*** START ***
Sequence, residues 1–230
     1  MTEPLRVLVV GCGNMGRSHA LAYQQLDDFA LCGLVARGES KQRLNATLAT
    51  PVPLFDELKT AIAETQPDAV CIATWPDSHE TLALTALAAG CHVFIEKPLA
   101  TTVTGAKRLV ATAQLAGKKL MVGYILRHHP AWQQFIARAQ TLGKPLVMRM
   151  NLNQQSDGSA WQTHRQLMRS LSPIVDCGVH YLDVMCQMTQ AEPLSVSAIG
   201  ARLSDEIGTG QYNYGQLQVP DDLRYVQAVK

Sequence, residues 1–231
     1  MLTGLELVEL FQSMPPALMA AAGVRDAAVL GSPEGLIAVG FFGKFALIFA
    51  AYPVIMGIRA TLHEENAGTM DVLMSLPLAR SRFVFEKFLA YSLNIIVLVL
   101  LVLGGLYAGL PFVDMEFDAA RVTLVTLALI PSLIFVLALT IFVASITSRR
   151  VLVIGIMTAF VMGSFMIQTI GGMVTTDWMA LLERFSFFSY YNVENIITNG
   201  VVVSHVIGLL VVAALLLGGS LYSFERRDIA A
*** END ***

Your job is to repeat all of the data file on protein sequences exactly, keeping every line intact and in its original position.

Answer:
Sequence, residues 1–230
     1  MTEPLRVLVV GCGNMGRSHA LAYQQLDDFA LCGLVARGES KQRLNATLAT
    51  PVPLFDELKT AIAETQPDAV CIATWPDSHE TLALTALAAG CHVFIEKPLA
   101  TTVTGAKRLV ATAQLAGKKL MVGYILRHHP AWQQFIARAQ TLGKPLVMRM
   151  NLNQQSDGSA WQTHRQLMRS LSPIVDCGVH YLDVMCQMTQ AEPLSVSAIG
   201  ARLSDEIGTG QYNYGQLQVP DDLRYVQAVK

Sequence, residues 1–231
     1  MLTGLELVEL FQSMPPALMA AAGVRDAAVL GSPEGLIAVG FFGKFALIFA
    51  AYPVIMGIRA TLHEENAGTM DVLMSLPLAR SRFVFEKFLA YSLNIIVLVL
   101  LVLGGLYAGL PFVDMEFDAA RVTLVTLALI PSLIFVLALT IFVASITSRR
   151  VLVIGIMTAF VMGSFMIQTI GGMVTTDWMA LLERFSFFSY YNVENIITNG
   201  VVVSHVIGLL VVAALLLGGS LYSFERRDIA A